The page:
Those in need are all around us

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The Journal talks to local non-profits about ways everyone can help

Greenville County charities need your help.

Last week, Miracle Hill Ministries turned 15 families away because there was only enough food for 25.

Greer Soup Kitchen and the Center for Community Services in Simpsonville need people to help serve and prepare food on Christmas Day.

And 29 families who get help from the Center for Community Services don't have a sponsor for Christmas presents. The organization has matched about 150 families with sponsors so far. "The demand has been huge," said Arelis Moore de Peralta, the organization's executive director.

The leaders of area non-profits are racing the clock to collect enough to provide the most basic needs such as food and shelter and the dreamed-of desires of families at Christmas. Their lists are not excessive - flatirons, mayonnaise, toothbrushes, board games.

As a public service, the Greenville Journal offered space to various service organizations to tell folks what they need for their clients this Christmas. Here's what we found:

Crossroads Group Home for Girls: 16 girls who have been sexually abused live at the home near Furman. They need G-rated movies, Walmart gift cards and items that can fit in a stocking. No items can contain metal. No pens or pencils. Groups from a church and hospital buy an outfit for each of the girls, coats to shoes, and donate a $25 Walmart gift card for each girl. 246-0266.

The Red Cross: unwrapped toys for children whose homes have burned down and comfort kits to get families through the initial crisis to include a washcloth, shampoo, soap, deodorant, toothbrush, toothpaste, hairbrush/comb, razor/shaving cream, and tissues. Add a small stuffed animal for children. 271-8222

Big Brothers, Big Sisters of the Upstate: 150 children ages 6 to 14 need Christmas presents. 242-0676

Open Arms Hospice of Greenville: comfort bags to include tissues, white washcloths, toothpaste, deodorant, brushes/combs, crossword puzzles/word searches, individually packaged crackers, chewing gum, eyeglasses, cleaning cloths, eyeglass repair kits, and Ensure. 688-1700.

A Child's Haven, which provides therapy for developmentally delayed, abused, and neglected children and their families: the children have Christmas presents but agency officials would like to provide some sort of gift basket of food for each of the 80 families served. 298-0025.

Public Education Partners: books, books, books for schools. 233-4133

Safe Harbor, which provides shelter for victims of domestic violence: needs financial donations to pay for food, counseling services and medicine. 467-3636.

Taylors Free Medical Clinic: needs sponsors for patients at $103 per visit. 244-1134.

Down Syndrome Family Alliance of Greenville: financial support to help families go to Charleston when their children need heart surgery (50 percent of children with Down syndrome have some sort of heart defect) and to offer scholarships for camps or programs for families. http://www.dsfagreenville.org/.

Goodwill Industries of Upper South Carolina: as always, clothes to be sold in the retail stores - 90 percent of what it costs to run Goodwill's job training program comes from retail sales. Also, old computers that can be refurbished and resold. 351-0100.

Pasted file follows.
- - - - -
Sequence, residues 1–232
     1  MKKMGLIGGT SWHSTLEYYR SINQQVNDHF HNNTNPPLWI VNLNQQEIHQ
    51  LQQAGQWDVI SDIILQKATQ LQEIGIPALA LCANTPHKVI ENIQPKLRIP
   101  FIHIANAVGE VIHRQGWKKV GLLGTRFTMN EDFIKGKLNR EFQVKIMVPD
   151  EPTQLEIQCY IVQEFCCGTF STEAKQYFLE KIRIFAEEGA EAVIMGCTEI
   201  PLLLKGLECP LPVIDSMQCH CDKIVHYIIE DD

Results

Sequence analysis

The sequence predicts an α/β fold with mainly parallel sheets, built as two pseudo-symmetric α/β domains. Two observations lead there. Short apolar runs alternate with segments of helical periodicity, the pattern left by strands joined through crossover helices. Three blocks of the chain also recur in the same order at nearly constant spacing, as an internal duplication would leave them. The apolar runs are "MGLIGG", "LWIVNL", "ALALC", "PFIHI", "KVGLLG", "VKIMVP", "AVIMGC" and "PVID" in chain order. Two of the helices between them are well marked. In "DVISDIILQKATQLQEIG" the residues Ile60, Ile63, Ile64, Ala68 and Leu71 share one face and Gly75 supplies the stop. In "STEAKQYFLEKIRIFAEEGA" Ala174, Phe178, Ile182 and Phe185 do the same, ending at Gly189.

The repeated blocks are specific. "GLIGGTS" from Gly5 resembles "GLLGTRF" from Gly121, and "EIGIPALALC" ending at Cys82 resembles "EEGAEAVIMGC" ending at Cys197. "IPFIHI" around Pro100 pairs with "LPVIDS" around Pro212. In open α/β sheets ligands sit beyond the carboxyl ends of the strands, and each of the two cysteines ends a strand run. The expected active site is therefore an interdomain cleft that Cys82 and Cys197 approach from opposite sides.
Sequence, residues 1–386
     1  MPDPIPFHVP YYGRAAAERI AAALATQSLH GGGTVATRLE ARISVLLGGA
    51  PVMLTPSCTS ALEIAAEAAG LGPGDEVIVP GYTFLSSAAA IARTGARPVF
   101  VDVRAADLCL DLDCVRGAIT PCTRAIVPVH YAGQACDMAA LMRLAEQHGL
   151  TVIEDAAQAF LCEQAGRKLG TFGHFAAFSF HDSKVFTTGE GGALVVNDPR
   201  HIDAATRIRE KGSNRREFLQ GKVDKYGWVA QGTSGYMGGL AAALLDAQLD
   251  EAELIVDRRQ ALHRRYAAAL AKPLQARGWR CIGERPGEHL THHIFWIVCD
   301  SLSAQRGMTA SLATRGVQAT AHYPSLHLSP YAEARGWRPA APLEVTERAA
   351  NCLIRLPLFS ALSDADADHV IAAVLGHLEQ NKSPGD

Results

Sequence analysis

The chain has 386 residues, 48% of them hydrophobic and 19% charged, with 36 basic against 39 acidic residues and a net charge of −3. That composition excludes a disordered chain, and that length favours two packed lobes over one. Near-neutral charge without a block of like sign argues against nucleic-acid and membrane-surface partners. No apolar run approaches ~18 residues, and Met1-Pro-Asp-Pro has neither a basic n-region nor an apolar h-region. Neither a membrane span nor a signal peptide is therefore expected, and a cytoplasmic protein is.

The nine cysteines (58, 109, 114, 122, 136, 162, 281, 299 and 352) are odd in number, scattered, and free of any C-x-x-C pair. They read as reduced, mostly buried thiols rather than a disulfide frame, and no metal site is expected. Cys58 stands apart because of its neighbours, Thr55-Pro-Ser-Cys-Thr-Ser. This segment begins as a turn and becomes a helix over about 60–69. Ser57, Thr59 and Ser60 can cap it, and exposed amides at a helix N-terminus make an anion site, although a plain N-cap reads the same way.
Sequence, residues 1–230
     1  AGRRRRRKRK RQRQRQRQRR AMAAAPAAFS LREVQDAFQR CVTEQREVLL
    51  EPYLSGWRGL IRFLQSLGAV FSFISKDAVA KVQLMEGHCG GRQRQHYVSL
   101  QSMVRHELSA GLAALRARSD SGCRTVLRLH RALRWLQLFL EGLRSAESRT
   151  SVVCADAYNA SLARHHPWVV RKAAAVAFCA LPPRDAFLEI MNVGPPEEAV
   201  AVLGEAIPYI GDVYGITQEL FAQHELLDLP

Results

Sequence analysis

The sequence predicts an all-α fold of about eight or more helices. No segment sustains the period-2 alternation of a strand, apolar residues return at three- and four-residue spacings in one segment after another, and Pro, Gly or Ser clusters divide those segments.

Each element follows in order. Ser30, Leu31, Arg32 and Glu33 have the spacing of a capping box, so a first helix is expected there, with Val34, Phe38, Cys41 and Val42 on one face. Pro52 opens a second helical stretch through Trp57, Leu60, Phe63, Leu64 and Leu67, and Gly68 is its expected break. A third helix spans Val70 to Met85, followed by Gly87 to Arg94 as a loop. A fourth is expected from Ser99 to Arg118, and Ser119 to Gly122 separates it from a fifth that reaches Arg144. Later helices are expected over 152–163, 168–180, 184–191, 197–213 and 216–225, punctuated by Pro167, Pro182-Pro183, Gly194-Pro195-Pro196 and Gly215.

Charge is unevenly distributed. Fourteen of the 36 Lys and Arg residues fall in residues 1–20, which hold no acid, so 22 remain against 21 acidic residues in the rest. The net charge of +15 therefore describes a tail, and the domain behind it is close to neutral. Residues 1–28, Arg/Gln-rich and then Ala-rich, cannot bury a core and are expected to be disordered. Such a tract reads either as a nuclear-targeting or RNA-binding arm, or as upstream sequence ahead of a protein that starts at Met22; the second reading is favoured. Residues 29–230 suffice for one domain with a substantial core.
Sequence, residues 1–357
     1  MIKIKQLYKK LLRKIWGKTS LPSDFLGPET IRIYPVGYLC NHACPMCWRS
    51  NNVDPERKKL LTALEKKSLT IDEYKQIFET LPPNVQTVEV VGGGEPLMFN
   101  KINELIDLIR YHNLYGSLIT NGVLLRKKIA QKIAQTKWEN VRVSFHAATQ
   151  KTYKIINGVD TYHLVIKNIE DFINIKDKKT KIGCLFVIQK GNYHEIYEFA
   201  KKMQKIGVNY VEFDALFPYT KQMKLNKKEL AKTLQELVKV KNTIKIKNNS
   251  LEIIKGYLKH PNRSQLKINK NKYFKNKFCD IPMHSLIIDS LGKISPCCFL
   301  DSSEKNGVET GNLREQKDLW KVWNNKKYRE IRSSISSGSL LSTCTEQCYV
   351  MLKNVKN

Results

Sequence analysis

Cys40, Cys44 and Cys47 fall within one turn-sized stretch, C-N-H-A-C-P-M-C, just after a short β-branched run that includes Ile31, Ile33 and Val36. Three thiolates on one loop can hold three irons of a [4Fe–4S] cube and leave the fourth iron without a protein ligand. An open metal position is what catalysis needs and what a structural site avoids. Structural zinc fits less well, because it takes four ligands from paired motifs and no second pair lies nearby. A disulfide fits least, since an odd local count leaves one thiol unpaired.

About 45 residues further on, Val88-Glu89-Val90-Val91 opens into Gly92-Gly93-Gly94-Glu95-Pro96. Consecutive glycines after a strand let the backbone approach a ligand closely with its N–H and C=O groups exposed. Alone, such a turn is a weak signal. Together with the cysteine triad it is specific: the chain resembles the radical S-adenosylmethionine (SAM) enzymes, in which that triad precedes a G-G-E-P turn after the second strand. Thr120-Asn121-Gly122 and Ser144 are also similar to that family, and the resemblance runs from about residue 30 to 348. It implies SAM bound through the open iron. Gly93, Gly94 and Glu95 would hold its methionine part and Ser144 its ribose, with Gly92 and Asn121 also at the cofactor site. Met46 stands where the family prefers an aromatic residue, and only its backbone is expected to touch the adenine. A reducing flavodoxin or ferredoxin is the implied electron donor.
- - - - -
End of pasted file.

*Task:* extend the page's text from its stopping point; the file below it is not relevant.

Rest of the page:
Greenville Literacy Association, which provides adult literacy education and English as a Second Language classes: small 70-page notebooks, dry erase markers, letter-sized copy paper and card stock in a variety of colors.

Greer Community Ministries, which serves the elderly, homebound and disadvantaged: small space heaters, blankets and warm coats. 877-1937.

Pendleton Place Children's Shelter, which offers housing and education for abused and neglected children: gift cards from Walmart, Bi-Lo, or Spinx and items for teenage girls, especially flatirons. All weather jackets for school-age children - not slickers - pajamas and scrapbooking supplies are also needed. 467-3650.

Project Host Soup Kitchen: canned non-perishables - except for green beans - and mayonnaise for the sandwiches made every day. projecthost@gmail.com or 235-3403.

Loaves & Fishes, which provides perishable food to 30 local food pantries, shelf stable food and financial cash donations, which go a long way - for every dollar donated the organization delivers $11 in food. 232-3595.

Meals on Wheels Greenville: volunteers and money - $50 provides food for 10 people a day. 233-6565.

To volunteer to help with the Christmas meal for about 300 folks at the Center for Community Services call Lateefiah Brown at 688-2245. The organization is also collecting board games so each family can take one home.

Little Steps helps teens and young parents with life skills and parenting classes. They need gas cards, which are used to help teen parents get to school. Also diapers - all sizes but especially sizes 4 and 5 - and over-the-counter child medications.

Julie Valentine Center, which serves rape victims: women's sweat suits and shoes with closed toes to replace clothing in emergency rooms, children's toys, especially infant to toddler and ages 10 - 12 boys and girls. The organization asks for toys to be delivered by 5 p.m. Tuesday at the office, 2905 White Horse Road in Greenville. 331-0560

To volunteer to work the 4 p.m. to 5 p.m. shift at Greer Soup Kitchen call 968-0323

To help Miracle Hills Ministries call 268-4357.

Other non-profits in need are:

Aid Upstate

The Blood Connection

Triune Mercy Center

SHARE Community Action Partnership

Project Hope Foundation

 

Charles Sowell contributed to this report.